Statistics and probability
One-tailed and two-tailed tests
Sal continues his discussion of the effect of a drug to one-tailed and two-tailed hypothesis tests. Created by Sal Khan.
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Shouldn't the sum of your rejection regions in your two tailed test (0.3%) should be the same as the rejection region in your one tailed test (0.3%) and not the 0.15% as stated in the video? So the area of a rejection region in a one tailed test is alpha, but in a two tailed test is alpha/2? Also note that the two hypothesis have to be mutually exhaustive. In other words the null hypothesis should be greater than or equal to the default mean of 1.2 seconds and not just simply equal to. Thanks!(13 votes)
- Yes, I noticed this problem too. The sum of the two tails should be .3% but when using a single tailed test, the region of rejection (alpha) should equal .3% as well.(13 votes)
- To me, it seems like we would get the same answer if had the alternative hypothesis that the drug is raising response time. But this seems very counter-intuitive since the sample mean from the rats on drugs is lower than the population mean when the rats are not on drugs. Wouldn't this indicate that it more probable that the drug lowers response time rather than raising response time? Is P(drug lowers response time) = P(drug raises response time)? And why/why not?(7 votes)
- I totally agree, if we use the same logic we would end up with the same probability that drug raises response time.
Any idea how to resolve this problem?(4 votes)
- So, would it be fair to say that doing a one-tailed test leaves you more room to conclude that the alternative hypothesis is true? That is, when you did the one tailed test the p value wound up being even more extreme than with the two tailed test, so we could have actually had a slower response time (closer to the mean) and still have had the same p-value as in the two tailed test.(5 votes)
- Off the bat it could be said that a one-tailed test leaves more room to conclude that the alternative hypothesis is true. To decide if a one-tailed test can be used, one has to have some extra information about the experiment to know the direction from the mean (H1: drug lowers the response time). If the direction of the effect is unknown, a two tailed test has to be used, and the H1 must be stated in a way where the direction of the effect is left uncertain (H1: the drug has an effect on the response time).
A one tailed test does not leave more room to conclude that the alternative hypothesis is true. The benefit (increased certainty) of a one tailed test doesn't come free, as the analyst must know "something more", which is the direction of the effect, compared to a two tailed test.(3 votes)
- what identification of z-test and t-test?(1 vote)
- It's important to state that the t-test is used when the sample number is less than 30 since there is a z-test that's used when you only have the sample standard deviation but the sample number is equal or greater than 30.(5 votes)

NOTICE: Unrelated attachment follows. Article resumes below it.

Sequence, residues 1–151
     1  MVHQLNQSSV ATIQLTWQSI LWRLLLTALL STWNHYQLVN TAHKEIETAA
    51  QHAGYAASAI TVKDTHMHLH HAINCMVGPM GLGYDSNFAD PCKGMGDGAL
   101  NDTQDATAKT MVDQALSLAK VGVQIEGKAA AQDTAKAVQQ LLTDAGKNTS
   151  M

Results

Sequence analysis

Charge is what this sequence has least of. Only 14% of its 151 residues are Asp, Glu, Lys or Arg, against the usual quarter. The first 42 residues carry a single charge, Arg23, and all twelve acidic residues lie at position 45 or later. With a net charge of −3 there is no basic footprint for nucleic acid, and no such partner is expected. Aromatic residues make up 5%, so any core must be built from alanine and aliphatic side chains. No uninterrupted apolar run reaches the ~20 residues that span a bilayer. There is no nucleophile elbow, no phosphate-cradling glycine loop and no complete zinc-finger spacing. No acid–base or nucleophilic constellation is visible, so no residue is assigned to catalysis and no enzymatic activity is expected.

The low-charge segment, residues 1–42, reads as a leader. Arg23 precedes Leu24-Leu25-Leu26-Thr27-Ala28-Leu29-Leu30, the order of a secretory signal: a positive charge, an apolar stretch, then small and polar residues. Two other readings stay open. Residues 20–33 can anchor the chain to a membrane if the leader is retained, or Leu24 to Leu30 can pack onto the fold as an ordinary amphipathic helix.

- Hi, everyone!
Quick question: What if we decided that our alternative hypothesis claimed that the drug increases the time response. Wouldn't we have still had a p-value of 0.0015 and, thus, rejected the null hypothesis and accepted the alternative? Isn't this inconsistent? I appreciate all the help that I can get! Thanks!(4 votes)
- I don't feel confused about this. If we were that wrong about our experiment, I think we ought to simply change to a two tail framing of the problem - that is: What's the probability that the drug has some effect (which allows for either increase or decrease in response time).(1 vote)
- How would you know when to use the left tail test or the right tail test.
For example if a company claims a drug makes you lose atleast 20 pounds in a month. A sample of 20 were used sith mean 15 and standard deviation 4! Test the company claim at 1 percent?
How would i know its a left tail test and how would u write the null hypothesis and solve it?(3 votes)
- the word (atleast ) means that the value will be greater then or equal to 20 , And in alternative hypothesis we only use "<" , ">" and not equal sign . so in this question the given information tell us that this is :
Null Hypothesis : μ ≥ 120
alternative hypothesis : μ < 120(3 votes)
- When comparing one-tailed and two-tailed p-values, would the area under the curve for the one-tailed not be 0.3 and then the two-tailed be 0.15? Why would your one sided only be 0.15 if the actual total area under the curve is equivalent in both one-tailed and two-tailed?
Just confused because in class, we were taught that if your p-value for significance in less than 0.05, for a two tailed test, your areas in the two sides are 0.025 which collectively make up 0.05. Thanks!(3 votes)
- The 2 tails are 1 for z < -3, and 1 for z > 3. Which is larger - both added together or either one by itself? What is larger - .0030 or .0015?(1 vote)
- what can be said about the 2 sided p-value for testing the null hypothesis of no change in cholesterol levels, if on average after three months the cholesterol levels among 100 patients decreased by 15.0 and standard deviation of the changes in cholesterol was 40.
- sample std=40
std sampling distribution=4
sample mean=15/4=3.75std less than population mean
ie outside the critical region or the 99.87% confidence interval and one can reject the null hypothesis . P value= .0013 one sided test.(2 votes)
- Why is the standard deviation of the mean different than the mean of the sample? Isn't sampling distribution just a distribution of the sample? why does that change the mean?(2 votes)
- I'm not sure what you are asking. I'll answer the question "Why is the standard deviation of the mean different than the mean of the sample?" and maybe you can rephrase what you are asking if this doesn't answer it.
The mean of the sample is a measure of the average response time in the particular sample. So they took the response time of each individual, added them together and divided by 100.
The standard deviation of the mean is a measure of how much individual measures varied in relation to the mean.